Emergency Blanket Art

As part of my contribution to Sketchbook Circle 2016, I was asked by the organisers to make a piece of art out of the contents of a mystery envelope.


This piece of work has come about as a result of some ideas which I have been exploring and attempting to express whilst locating my artistic practice on the Artist Teacher Scheme at Birmingham School of Art. I have become very interested in making large scale drawings which express movement and energy, and which also seem to me to embody somehow the internal thought processes my mind goes through as I make them – process made visible. Elena, the course tutor, remarked that I am a ‘taker-awayer’, meaning that I put things into a piece and then move them around, or remove them, until I am satisfied. Addition and subtraction, ebb and flow, assertion and obliteration. I am now conscious of this as a valid part of my creative process, and actively embrace it in my work. This finished piece has gone through several versions and modifications as I thought my ideas through and came up with what seems to me to be a satisfactory way to express them.

The emergency blanket I received through the post from the admin team at Sketchbook Circle was smooth, shiny and reflective when I opened it and it reflected fairly clear images; however, as I worked with it, it became crumpled, torn and fragmented. These opposing qualities took on many meanings for me; fragmented memories, stories, narratives; self-reliance and self-reflection; my own image and my own environment mirrored back at me, alongside my own inner landscape. A reminder that what I need is right here, and all I have to do is look for it.

I felt the need to cut and shred the blanket, which seemed to be about the many shards and fragments of existence and experience which make me who I am; as I did so, the sunlight and the warm red of the curtains was reflected back at me.

I didn’t really know at any point where I was headed with this idea, and it’s only a stage on the internal journey. I’ve continued to pull bits off it (addition and subtraction), and I’ve photographed it and manipulated it with the (many) photo editing apps on my phone; will it ever be finished? When is a piece of work finished? I’ve put it aside for a while now, but I’m sure I will revisit it and change it again, as this seems to be an enduring part of my artistic practice.

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July Book

My sketchbook has returned from Louise, giving me some new directions to follow. Memory seems to be an enduring theme in our shared book, an open-ended theme with almost limitless possibilities.

On the theme of memory, I have The Song of Wandering Aengus by W B Yeats bashing around in my brain, looking for a way out onto my sketchbook pages;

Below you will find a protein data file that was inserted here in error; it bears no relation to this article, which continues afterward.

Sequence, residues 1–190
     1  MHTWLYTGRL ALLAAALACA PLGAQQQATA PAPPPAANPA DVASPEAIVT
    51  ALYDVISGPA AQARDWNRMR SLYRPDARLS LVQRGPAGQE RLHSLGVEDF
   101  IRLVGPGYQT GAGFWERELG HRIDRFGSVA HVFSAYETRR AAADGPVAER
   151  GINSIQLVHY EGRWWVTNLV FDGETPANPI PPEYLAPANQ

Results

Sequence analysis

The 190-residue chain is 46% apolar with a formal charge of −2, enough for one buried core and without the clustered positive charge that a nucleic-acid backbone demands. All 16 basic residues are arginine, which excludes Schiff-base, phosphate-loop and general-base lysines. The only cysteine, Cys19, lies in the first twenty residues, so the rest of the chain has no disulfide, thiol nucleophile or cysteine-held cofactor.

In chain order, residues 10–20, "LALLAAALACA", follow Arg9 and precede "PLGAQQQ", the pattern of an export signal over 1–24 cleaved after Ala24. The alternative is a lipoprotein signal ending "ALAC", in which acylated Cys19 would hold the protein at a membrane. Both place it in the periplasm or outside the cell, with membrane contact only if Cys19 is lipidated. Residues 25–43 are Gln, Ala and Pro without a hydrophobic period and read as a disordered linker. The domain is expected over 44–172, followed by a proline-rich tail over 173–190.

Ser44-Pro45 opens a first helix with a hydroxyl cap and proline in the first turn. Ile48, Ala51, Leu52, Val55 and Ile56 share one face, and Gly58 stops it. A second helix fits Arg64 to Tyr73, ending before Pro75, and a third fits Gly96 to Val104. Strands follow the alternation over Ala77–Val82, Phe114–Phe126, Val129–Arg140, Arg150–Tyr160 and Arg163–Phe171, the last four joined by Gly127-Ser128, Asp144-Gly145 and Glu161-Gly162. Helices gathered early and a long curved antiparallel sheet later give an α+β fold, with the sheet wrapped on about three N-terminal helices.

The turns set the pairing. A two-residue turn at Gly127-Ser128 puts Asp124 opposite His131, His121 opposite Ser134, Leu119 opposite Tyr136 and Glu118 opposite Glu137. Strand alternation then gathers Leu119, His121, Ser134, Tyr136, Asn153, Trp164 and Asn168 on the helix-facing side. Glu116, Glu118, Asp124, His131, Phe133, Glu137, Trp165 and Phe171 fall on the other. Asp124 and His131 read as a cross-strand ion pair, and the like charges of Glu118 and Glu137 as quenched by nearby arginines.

Though I am old with wandering

Through hollow lands and hilly lands,

I will find out where she has gone,

And kiss her lips and take her hands;

And walk among long dappled grass,

And pluck till time and times are done

The silver apples of the moon,

The golden apples of the sun.

Copies and Colours



This weekend I have been continuing work in Ben’s sketchbook.

Ben reproduced one of my images in black and white; the reproduction is also slightly textured. He has, I think, used the same or similar technique elsewhere in the book and scraped marks into it. I am curious to know how he has achieved this tactile effect, and have included a note asking him to explain.

Anyway, I like the black and white reproduction of my own image, so I have been developing this idea, making other versions of it using tracing paper, carbon paper, inks, oil pastels, pen – a colourful extravaganza. I will perhaps continue to extract shapes and parts of the original image to play around with some more before returning it to Ben at the end of the week.

I have been pondering this idea of infinite reproductions and variations on a single theme recently; I have been using the photo editing software on my phone to manipulate images of my signature squares doodle, as well as drawing it in different mediums and colour combinations. I remember discussing the need to repeatedly return to a single image at Sarah Goudie’s drawing workshop at the Practice Imperfect event at BCU earlier this year; the idea fascinates me. I am a compulsive doodler; it helps my brain to slip into a flow state, which is useful when I am working on something specific and want to loosen up mental muscles; I also find it a good way to relax and let my mind ebb and flow at the end of the day.


Carbon Paper Fishes


This week Ben’s book has arrived back with me. Sadly he has not had the opportunity to add to it; it’s a busy time of year for everyone in education – I’m feeling the pressure and I only work part time.

Today is the first time I’ve had chance to sit down and explore some ideas myself; I have decided to continue with the fish theme which I started in response to a printed image of Ben’s. This image of a fish inspired me to explore printing myself with varying degrees of success, and following an activity which I found in Paula Briggs’ excellent book Drawing Projects for Children I have been using carbon paper to combine and reproduce drawn  images. This has brought back memories of first discovering the joys of carbon paper prints as a child; I’ve also discovered that you can get carbon paper in several colours – including yellow! so am exploring layers and colours. I wonder what other colours I can find…